Have you tried this?
        DataLabel:
        DATA 1,2,3,4

        RESTORE DataLabel
        Read A,B,C,D




        ------------------
        Michael Mattias
        Racine WI USA
        [email protected]
        Michael Mattias
        Tal Systems Inc. (retired)
        Racine WI USA
        [email protected]
        http://www.talsystems.com

        Comment


        • #5
          Have you tried this?
          DataLabel:
          DATA 1,2,3,4

          RESTORE DataLabel
          Read A,B,C,D
          I did have something along the lines of (this is not the actual code, obviously):
          Code:
          %Test = 1
           
          DIM sTest AS STRING
          DIM nTest AS LONG
           
          RESTORE Info
          READ sTest, nTest
          ...
           
          Info:
          DATA "Data Test", %Test
          except that when I ran it, I got a syntax error when the program attempted to read the "numeric" value (should have read the manual, Doh!) I then changed the numeric variable to a string, and that worked, well sort of - the second DATA value was returned as %Test, not 1 as I had hoped. So I just changed the DATA statement to read:
          Code:
          DATA "Data Test", 1   '%Test
          and if I ever change the value of the constant I'll just have to remember to change the DATA statement also. As I said, it is an annoyance, not a critical issue.

          2. "EVAL" to convert DATA from READ statments.

          #2. How 'bout VAL?
          I was thinking of something along the lines of the EVAL command in the old Acorn BBC Micro BASIC where if you had something like:
          Code:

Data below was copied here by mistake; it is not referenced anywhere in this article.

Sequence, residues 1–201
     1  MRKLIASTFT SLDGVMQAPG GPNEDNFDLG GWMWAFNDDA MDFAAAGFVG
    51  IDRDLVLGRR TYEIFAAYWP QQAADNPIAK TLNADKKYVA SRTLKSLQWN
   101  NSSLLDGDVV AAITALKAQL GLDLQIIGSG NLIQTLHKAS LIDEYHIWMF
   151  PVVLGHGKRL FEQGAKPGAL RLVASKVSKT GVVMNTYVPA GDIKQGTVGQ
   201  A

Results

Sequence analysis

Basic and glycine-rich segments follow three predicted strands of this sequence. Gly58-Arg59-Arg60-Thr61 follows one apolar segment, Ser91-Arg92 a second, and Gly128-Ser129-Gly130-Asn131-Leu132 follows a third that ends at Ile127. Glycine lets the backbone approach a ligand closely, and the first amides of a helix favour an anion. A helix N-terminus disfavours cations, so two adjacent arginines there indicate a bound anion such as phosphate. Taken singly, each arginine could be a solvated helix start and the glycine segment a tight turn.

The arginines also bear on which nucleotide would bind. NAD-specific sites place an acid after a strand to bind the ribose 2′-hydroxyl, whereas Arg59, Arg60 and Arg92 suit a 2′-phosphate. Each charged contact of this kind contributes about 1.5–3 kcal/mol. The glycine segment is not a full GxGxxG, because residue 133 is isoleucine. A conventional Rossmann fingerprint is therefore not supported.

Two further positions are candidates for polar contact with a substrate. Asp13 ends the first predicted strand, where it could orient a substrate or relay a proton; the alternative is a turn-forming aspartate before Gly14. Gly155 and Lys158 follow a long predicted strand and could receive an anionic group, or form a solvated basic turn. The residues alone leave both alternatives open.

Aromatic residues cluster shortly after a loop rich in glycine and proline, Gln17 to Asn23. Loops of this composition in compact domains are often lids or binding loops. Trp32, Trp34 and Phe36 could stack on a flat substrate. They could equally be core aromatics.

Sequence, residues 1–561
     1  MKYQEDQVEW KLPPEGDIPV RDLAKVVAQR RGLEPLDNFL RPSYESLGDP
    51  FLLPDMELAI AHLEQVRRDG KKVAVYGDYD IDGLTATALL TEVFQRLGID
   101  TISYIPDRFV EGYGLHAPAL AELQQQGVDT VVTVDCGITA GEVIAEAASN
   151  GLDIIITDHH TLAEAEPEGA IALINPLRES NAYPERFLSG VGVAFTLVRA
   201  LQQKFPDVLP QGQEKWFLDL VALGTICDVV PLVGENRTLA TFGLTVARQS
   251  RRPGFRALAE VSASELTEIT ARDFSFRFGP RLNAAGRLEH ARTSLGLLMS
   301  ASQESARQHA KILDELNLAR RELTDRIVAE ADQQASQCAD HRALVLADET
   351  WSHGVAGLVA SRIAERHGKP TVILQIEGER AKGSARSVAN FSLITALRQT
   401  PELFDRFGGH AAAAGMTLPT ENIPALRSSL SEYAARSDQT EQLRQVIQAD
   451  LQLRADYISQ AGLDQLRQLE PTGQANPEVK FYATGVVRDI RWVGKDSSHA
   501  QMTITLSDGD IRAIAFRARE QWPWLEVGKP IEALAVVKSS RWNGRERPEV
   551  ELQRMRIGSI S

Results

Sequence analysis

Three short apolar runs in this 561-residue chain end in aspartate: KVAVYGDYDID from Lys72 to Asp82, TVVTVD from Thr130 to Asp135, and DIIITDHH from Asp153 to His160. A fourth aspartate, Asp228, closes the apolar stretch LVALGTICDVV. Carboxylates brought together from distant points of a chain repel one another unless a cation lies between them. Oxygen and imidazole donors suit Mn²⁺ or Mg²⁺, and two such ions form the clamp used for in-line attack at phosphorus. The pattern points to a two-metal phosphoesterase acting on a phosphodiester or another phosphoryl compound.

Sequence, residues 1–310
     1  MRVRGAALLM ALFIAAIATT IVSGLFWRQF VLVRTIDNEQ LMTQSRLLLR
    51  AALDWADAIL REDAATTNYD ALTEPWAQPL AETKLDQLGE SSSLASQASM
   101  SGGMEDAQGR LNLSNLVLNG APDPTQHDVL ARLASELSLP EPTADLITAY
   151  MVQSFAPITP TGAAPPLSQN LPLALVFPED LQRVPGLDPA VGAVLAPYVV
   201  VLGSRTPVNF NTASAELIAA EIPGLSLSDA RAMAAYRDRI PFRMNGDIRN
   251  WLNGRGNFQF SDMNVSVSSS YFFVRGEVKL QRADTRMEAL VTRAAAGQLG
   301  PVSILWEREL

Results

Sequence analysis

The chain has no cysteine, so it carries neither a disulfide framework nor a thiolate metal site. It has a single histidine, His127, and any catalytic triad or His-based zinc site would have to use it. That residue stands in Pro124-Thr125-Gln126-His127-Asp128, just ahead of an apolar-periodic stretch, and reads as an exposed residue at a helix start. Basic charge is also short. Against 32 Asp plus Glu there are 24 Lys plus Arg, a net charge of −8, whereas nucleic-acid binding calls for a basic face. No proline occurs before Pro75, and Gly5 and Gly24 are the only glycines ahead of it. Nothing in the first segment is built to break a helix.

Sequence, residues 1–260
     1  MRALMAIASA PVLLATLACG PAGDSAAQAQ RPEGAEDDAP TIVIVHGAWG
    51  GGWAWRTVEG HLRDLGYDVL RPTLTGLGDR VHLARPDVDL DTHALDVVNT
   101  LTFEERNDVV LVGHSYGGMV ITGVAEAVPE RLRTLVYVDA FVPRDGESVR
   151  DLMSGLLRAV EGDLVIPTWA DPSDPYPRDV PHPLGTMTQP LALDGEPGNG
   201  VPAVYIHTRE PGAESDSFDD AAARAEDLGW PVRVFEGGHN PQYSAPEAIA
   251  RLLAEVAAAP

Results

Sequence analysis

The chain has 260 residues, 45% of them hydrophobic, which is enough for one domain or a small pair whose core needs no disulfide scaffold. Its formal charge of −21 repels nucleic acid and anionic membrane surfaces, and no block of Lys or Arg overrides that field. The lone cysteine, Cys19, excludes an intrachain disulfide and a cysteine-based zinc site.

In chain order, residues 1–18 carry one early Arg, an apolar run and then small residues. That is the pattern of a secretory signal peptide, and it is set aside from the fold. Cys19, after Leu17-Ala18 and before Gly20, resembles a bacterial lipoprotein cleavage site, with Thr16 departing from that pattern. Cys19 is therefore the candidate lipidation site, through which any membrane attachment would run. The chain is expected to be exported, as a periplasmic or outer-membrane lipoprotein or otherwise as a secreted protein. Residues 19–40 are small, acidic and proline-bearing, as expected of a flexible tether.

%Test = 127
           
          nTestValue = EVAL( "%Test" )
          then the string parameter to the EVAL function would be evaluated and, in this case, a numeric value returned. As you can see, this is not quite the same as VAL. Or perhaps you might come across a situation like this:
          Code:
          TYPE structUDT
             nMember1   AS INTEGER
             nMember2   AS INTEGER
             nMember3   AS INTEGER
             ...
             nMember255 AS INTEGER
          END TYPE
           
          DIM oUDT AS SHARED structUDT
           
          ...
           
          nMemberIndex = 127
          nMemberValue = EVAL( "oUDT.nMember" + LTRIM$( STR$( nMemberIndex ) ) )
          I'm sure there are other similar situations and examples where an EVAL-like function could be useful. It would seem however, that PowerBASIC are unwilling to "compromise" their compiler to incorporate such a function, and I'll live with that decision. Again, a "nice-to-have" feature, not a critical issue.

          [This message has been edited by Matthew Berg (edited April 06, 2000).]
          If you try to make something idiot-proof, someone will invent a better idiot.

          Comment


          • #6